Impact of Estrogen Receptor β on Gene Networks Regulated by Estrogen Receptor α in Breast Cancer Cells

Department of Cell and Developmental Biology, University of Illinois, Urbana-Champaign, Urbana, Illinois, United States
Endocrinology (Impact Factor: 4.5). 11/2006; 147(10):4831-42. DOI: 10.1210/en.2006-0563
Source: PubMed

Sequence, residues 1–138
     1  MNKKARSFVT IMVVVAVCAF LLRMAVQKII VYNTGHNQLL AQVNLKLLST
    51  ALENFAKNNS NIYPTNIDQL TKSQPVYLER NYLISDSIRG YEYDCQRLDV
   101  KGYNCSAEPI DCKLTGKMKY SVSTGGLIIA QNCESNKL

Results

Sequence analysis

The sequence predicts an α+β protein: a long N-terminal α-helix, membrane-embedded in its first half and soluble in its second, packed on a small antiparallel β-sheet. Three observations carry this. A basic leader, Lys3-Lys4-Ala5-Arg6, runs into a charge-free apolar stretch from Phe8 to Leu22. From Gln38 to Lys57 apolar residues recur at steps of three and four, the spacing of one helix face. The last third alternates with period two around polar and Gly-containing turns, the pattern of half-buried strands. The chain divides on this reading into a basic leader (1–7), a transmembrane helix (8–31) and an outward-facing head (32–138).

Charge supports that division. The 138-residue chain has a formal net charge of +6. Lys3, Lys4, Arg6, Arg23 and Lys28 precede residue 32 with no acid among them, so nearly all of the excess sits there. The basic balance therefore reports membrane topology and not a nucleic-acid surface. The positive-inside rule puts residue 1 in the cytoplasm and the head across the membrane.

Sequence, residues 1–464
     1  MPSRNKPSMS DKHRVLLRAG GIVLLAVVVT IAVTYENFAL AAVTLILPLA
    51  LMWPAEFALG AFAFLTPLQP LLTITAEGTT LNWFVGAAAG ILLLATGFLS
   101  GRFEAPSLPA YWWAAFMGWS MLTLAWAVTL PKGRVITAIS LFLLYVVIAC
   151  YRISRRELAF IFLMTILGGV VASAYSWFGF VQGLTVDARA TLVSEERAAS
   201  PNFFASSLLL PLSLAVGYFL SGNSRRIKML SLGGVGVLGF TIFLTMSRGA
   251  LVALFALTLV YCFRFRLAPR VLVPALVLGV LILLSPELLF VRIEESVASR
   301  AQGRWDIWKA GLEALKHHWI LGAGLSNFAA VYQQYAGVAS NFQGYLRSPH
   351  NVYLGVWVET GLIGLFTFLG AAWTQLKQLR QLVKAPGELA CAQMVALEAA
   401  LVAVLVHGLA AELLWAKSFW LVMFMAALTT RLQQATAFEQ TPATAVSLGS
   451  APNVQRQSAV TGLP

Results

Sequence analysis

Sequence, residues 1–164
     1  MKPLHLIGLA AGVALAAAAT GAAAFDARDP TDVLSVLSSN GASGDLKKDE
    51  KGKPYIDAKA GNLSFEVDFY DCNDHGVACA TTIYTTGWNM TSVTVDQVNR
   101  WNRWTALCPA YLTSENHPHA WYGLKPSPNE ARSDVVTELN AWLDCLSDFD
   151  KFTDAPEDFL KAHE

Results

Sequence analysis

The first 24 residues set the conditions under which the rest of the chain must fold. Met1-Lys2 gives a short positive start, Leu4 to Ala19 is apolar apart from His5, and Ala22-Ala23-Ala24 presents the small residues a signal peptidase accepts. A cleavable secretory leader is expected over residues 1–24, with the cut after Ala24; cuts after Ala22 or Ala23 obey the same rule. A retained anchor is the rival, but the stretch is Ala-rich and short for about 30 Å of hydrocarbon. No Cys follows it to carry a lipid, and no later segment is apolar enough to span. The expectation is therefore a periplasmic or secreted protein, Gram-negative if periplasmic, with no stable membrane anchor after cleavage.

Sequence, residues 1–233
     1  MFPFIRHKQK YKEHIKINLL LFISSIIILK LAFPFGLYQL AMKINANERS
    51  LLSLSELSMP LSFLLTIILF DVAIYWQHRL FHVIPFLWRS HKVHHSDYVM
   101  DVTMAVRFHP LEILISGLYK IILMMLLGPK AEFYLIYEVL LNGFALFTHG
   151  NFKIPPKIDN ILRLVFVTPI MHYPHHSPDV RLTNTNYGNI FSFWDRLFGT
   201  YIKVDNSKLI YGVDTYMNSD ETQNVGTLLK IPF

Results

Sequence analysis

Two subtypes of the estrogen receptor (ER), ERalpha and ERbeta, mediate the actions of estrogens, and although 70% of human breast cancers express ERbeta along with ERalpha, little is known about the possible comodulatory effects of these two ERs. To investigate this, we have used adenoviral gene delivery to produce human breast cancer (MCF-7) cells expressing different levels of ERbeta, along with their endogenous ERalpha, and have examined the effects of ERbeta and receptor occupancy, using ER subtype selective ligands, on genome-wide gene expression by microarray and pathway network analysis. ERbeta had diverse effects on gene expression, enhancing or counteracting ERalpha regulation for distinct subsets of estrogen target genes. Strikingly, ERbeta in the absence of estradiol (E2), elicited the stimulation or suppression of many genes that were normally only regulated by ERalpha with E2. In addition, ERbeta plus E2 elicited the expression of a unique group of genes that were not regulated by ERalpha plus E2 alone. The expression of genes in many functional categories were modulated by ERbeta, with the greatest numbers associated with transcription factors and signal transduction pathways. Regulation of multiple components in the TGFbeta and semaphorin pathways, and of genes controlling cell cycle progression and apoptosis, may contribute to the suppression of cell proliferation observed with ERbeta. Our observations suggest that the relative levels of ERbeta and ERalpha in breast cancers are likely to impact cell proliferation and the activities of diverse signaling pathways and their response to ER ligands and endocrine therapies.